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DON'T DUE IT, until you check with the Attorney General of that county. We had rentals in CA and never had to get a license. Who notified you? If you cannot get a satisfactory answer, go to the Attorney General of Calif. Remember, this is the bay area and many times they do thing just above board, until they get caught. Make them show you the law in their book, and I don't think they can go back years. Taxes yes, licenses, no! Check with RE offices that handle rentals--a single person renting cannot be made to pay these fees unless all corporations and others pay and I do believe you have to be notified in writing and these fees must be published in the paper. Don't let some "jerk" try to get money from you. Just tell them you have to check with your attorney and the RE commissioner in Sacramento. Be polite, firm and document all phone calls who, when what was said and if there were any "causal" threats.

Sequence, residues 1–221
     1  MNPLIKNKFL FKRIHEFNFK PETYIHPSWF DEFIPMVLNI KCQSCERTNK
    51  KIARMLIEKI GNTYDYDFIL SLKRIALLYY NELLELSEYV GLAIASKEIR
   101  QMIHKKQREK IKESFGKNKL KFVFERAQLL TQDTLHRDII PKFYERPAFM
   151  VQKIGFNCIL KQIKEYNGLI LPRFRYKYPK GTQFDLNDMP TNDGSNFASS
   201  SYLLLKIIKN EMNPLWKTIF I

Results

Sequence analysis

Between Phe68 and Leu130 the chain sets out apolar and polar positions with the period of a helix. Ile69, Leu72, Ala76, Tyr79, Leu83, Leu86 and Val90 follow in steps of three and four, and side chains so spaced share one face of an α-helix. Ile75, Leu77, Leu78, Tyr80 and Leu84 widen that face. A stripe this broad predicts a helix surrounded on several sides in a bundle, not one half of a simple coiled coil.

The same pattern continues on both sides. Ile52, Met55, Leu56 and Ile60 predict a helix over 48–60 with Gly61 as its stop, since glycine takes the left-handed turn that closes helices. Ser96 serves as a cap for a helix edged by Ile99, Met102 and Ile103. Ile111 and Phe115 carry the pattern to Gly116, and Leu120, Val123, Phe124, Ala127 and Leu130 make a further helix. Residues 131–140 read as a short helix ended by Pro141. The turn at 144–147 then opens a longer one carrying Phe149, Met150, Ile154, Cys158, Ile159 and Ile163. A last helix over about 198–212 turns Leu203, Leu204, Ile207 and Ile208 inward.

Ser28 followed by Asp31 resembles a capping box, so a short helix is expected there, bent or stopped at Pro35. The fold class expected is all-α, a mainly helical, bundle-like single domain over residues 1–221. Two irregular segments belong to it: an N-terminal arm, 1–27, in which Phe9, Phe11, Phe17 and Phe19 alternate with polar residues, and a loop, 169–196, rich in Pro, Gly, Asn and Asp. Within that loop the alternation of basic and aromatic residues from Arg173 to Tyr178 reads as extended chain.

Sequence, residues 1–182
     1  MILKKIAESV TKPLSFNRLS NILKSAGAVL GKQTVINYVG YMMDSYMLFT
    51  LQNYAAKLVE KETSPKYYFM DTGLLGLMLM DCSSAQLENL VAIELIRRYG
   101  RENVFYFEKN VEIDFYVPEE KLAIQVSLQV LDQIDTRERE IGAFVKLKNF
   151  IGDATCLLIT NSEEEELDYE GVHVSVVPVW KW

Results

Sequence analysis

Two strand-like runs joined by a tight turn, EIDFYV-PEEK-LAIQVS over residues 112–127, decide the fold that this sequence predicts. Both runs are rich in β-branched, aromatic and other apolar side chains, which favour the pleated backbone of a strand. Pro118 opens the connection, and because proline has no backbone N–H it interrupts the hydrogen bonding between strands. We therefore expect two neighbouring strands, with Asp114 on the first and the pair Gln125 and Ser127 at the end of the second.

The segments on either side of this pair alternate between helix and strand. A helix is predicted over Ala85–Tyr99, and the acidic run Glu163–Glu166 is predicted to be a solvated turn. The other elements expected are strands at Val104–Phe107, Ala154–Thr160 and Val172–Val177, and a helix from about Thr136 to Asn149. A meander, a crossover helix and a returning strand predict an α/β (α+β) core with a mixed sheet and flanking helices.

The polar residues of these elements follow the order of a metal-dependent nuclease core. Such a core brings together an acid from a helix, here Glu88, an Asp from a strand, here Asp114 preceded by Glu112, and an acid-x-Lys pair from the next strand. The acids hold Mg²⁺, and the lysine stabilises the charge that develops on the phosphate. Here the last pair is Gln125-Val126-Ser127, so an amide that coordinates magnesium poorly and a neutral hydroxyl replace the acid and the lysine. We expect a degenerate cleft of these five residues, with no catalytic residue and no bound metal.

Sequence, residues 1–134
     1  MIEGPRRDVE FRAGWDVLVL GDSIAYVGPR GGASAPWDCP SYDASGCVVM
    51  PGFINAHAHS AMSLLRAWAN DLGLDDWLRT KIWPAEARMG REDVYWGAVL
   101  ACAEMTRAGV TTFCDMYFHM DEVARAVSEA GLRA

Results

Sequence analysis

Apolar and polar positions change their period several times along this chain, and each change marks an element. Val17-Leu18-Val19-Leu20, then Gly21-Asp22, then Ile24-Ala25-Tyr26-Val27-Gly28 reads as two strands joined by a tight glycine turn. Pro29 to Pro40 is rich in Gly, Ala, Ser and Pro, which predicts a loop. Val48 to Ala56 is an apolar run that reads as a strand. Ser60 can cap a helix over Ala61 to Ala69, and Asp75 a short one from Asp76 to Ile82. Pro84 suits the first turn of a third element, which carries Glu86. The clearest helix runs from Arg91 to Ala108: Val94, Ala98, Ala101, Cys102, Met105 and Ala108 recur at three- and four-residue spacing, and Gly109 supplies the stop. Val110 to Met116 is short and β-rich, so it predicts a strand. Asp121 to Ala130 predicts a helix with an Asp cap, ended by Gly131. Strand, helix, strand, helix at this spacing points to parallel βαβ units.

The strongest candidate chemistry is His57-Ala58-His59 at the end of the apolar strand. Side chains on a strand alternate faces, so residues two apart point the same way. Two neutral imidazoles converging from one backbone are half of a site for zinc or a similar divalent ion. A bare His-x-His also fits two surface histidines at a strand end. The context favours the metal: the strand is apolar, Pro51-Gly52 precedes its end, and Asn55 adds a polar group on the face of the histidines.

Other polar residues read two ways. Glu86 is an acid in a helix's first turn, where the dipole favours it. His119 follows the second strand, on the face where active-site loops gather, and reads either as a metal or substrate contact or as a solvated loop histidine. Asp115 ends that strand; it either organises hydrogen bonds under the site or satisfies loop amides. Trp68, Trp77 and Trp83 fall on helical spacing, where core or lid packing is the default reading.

Let us know
Hugs and good luck

    Bookmark   November 16, 2007 at 4:19PM
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Also I do not think you need any landlord needs a license to rent only 2 houses. We never did.

    Bookmark   November 16, 2007 at 4:21PM
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In know that in Santa Barbara County one does need a business license and must pay the tax annually. This is true for all rental properties, from single family dwellings to large commercial properties. It is a law, and as the old saw goes "ignorance of the law is no excuse". The OP is in a different county, but chances are good the laws are quite similar.

    Bookmark   November 16, 2007 at 6:19PM